Think the vending machine at your office rules? We did at Seattle Weekly when ours started carrying Orange Crush, but the award for Best Vending Machine Ever has to be handed to Sub Pop. As of last week, the Coke machine in the record company's Belltown break room began offering 75-cent cans of Rainier beer. And while the majority of Sub Pop's employees are well above drinking age, receptionist Alissa Gallivan said the office reacted like a bunch of high-schoolers at the sight of her wheeling in a case of the fabled Northwest (originally, at least) brew.
"I had been thinking it would be really funny to have beer in the vending machine," says Gallivan. "And everyone had been saying 'Why isn't there any beer around here?' So, I thought, 'Y'know, I'm just gonna get it and put it in there.' When they saw me carrying it, their eyes just lit up. It was hilarious."
Since freshly stocking the vending machine with beer, Gallivan said it's been a financial boon. They have gone through 48 cans of the stuff in one week, making Rainier the highest-selling product in the machine next to Diet Coke.
"I actually had ginger ale in the place where the Rainier is now," she says. "But I'd only sell, like, one can of it per week."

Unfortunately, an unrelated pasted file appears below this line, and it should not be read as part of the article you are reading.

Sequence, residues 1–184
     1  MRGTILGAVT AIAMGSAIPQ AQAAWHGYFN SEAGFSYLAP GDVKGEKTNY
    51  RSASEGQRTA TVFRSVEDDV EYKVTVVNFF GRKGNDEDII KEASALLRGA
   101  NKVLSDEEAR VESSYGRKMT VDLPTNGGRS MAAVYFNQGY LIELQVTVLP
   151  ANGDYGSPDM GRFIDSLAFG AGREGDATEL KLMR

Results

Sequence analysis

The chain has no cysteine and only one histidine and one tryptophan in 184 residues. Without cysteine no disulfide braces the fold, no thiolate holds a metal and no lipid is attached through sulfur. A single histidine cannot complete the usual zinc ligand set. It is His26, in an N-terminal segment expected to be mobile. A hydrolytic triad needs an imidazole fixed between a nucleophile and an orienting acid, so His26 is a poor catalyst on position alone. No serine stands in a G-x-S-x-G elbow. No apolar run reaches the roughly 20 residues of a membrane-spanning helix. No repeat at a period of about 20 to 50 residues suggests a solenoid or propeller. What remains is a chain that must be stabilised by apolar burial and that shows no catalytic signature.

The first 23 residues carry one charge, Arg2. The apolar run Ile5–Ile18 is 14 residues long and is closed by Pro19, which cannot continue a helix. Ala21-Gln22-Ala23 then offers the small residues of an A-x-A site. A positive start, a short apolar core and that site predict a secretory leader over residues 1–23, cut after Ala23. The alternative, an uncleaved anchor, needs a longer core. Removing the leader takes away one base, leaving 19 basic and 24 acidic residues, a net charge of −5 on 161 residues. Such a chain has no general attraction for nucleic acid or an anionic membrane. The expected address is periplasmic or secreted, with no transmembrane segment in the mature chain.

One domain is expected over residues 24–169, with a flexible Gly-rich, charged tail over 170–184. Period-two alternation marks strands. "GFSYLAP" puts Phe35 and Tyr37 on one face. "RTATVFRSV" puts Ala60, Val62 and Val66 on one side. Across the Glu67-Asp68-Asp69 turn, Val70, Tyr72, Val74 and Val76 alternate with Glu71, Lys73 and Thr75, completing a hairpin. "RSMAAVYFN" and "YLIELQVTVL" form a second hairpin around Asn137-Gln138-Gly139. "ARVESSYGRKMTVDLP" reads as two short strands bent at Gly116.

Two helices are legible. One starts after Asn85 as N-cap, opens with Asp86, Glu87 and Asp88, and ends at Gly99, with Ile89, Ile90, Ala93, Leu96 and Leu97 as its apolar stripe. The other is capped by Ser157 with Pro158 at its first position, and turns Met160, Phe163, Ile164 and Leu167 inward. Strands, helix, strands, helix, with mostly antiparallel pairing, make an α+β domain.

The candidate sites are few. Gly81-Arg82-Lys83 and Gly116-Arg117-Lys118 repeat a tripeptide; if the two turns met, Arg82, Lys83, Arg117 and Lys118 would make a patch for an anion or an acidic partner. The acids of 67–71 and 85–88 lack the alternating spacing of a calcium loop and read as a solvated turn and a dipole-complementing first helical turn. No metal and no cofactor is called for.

But don't go getting excited, thinking your office can just start carrying hooch in the break room (we've already looked into it here at Seattle Weekly). Sub Pop gets away with it because Gallivan owns the machine, having purchased it used for $800. It'll take her a while to recoup her investment, but with Rainier tumbling out at such a rapid rate, she's likely to break even sooner than she thought.
"When I first said I was gonna put Rainier in the machine, my husband was like, 'Don't you think you should ask your boss?' But I knew she wouldn't care," she says.
And she doesn't. Matter of fact, Sub Pop General Manager Megan Jasper says having beer on standby has provided a huge boost to employee morale.
"Since the Rainier was added to the machine, we've seen work ethic and productivity increase significantly," she says. "Our employees come into work earlier and leave much later. In fact, they don't go home. Some don't even have homes anymore. We're getting another vending machine with clean underwear and shirts."